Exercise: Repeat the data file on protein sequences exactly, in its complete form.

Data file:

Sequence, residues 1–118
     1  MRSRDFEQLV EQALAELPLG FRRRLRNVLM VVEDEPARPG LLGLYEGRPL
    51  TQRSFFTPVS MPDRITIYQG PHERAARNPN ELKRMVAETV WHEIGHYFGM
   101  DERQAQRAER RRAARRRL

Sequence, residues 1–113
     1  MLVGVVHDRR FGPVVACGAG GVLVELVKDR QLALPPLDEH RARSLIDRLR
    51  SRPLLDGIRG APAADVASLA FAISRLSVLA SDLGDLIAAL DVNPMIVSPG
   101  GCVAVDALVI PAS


Sequence, residues 1–118
     1  MRSRDFEQLV EQALAELPLG FRRRLRNVLM VVEDEPARPG LLGLYEGRPL
    51  TQRSFFTPVS MPDRITIYQG PHERAARNPN ELKRMVAETV WHEIGHYFGM
   101  DERQAQRAER RRAARRRL

Sequence, residues 1–113
     1  MLVGVVHDRR FGPVVACGAG GVLVELVKDR QLALPPLDEH RARSLIDRLR
    51  SRPLLDGIRG APAADVASLA FAISRLSVLA SDLGDLIAAL DVNPMIVSPG
   101  GCVAVDALVI PAS